If you’ve ever logged onto social media and seen a friend posting gorgeous pictures of their new town of residence and wondered “how the hell did that happen,” you aren’t alone. I remember graduating high school and seeing a few old classmates residing in new cities that were on my bucket list. There was one point, post graduate school, where I distinctly remember seeing yet another former classmate biking down Venice Beach. If you know me then you know my obsession with LA and how determined I am to live there. I was beyond envious, jealous, and any other emotion that I should be ashamed to admit I felt. I tried to figure out how on earth she was able to do that with what seemed to be no job. Nowadays I am able to check myself and remember that what is for me is for me. My journey is mine and belongs to no one else. Good for her that she was able to do that. If I really want it, then I should take initiative and make it happen. It really is that simple. If up and moving to a new city is on your bucket list and you aren’t the type to put in your two weeks, pack your bags, and hop on the first flight with no plan, then keep reading.
First thing’s first…
I always say I can’t take these jumps with no way to support myself. I have way too many bills to up and leave with Sallie Mae on my tail. I don’t need that stress or those worries. Before I picked up and left Washington, DC for New York I was sure to apply for every job I thought I was qualified for, and even some I wasn’t. Craigslist was where I ended up finding my current job because they were looking for a temp to help out with some work before they moved offices. In my case, my job was only supposed to be three months, I got it to last five (until the move), and once they moved someone wanted to bring me along and eventually hire me as a full time, permanent employee. I worked for it and it worked out in my favor. However, if like me, temporary employment is all you can find, then create a budget so that if you haven’t found anything permanent you can still pay bills while you seek employment elsewhere. Remember, my budgets are for everyone, so if you need help, I got ya. Find a job, at least one that will pay the bills, and everything else comes later.
Find a Place to Live!
Many of you may be reading this and think that this should’ve been the first step. Nope. Not in my opinion. I can’t go to rent an apartment or room anywhere and have to tell someone that I don’t even have a job. What type of human would even rent to me? That’s why I think the job is step one. As far as finding a place to stay I would recommend, you guessed it, Craigslist. I understand that certain made-for-tv movies may have turned people off from the website but it can make or break your housing search. You can find entire apartments listed by brokers or owners to rent/sublet, or even rooms to rent with awesome, likeminded humans. Be smart and the adult you are when it comes to finding and choosing a place, and you should be fine. If you’re dead set against Craigslist, and want to move to a major city (DC, Miami, New York, LA), Facebook actually has a ton of groups where people post rooms or apartments. There are also a ton of apps and websites where you can find people to apartment hunt with. In New York, the apartment search turnaround is two weeks. So you can, and will, always find a place in that time frame. The housing market is extremely competitive so if you love a place, have that application fee ready to go because you will have tough competition by the end of the day.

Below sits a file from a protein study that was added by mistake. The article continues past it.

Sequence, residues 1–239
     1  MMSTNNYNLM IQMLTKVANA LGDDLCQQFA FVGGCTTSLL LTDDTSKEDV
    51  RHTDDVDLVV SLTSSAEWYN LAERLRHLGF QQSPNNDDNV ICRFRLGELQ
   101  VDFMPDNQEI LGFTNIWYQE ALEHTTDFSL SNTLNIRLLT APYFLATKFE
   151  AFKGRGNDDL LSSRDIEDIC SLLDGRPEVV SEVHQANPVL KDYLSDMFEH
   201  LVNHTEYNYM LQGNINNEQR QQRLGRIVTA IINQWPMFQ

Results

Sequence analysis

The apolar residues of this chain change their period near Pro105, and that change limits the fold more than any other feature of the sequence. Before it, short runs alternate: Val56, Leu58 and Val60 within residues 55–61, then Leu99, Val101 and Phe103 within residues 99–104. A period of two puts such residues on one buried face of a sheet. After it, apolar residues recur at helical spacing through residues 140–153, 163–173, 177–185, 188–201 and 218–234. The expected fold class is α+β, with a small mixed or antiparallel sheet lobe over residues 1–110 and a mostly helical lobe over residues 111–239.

Navigating the City
Okay so you have a job and cool new digs, but how are you getting around? In LA a car is almost mandatory, but in DC you can rely solely on public transportation. Here in New York, the subway is life. I mean that. When I moved here I had a couple apps that allowed me to put in my starting point and destination and it would tell me where to walk, which train going which way to get on, where to get off, where to walk again, and how long all of this should take. Luckily, nowadays Apple and Google will do that for you, but still be prepared. Make sure to download a picture of the subway system so that when, and there is always a when, you don’t have service and can’t put in an itinerary you can just look at the map to see when and/or where to transfer trains or get off. Now I’m a pro, but every now and then I still pull up that map to figure out the fastest and easiest way to get somewhere. No shame.
If you’re thinking of relocating to an all new city then GO YOU! You are beyond dope and I’m super super proud of you. If you have any questions that weren’t answered here then feel free to drop them in the comment section below. If you’re thinking of coming up with a budget to prepare for your move then check out what I offer here. There’s an option for everyone. I hope these tips helped 🙂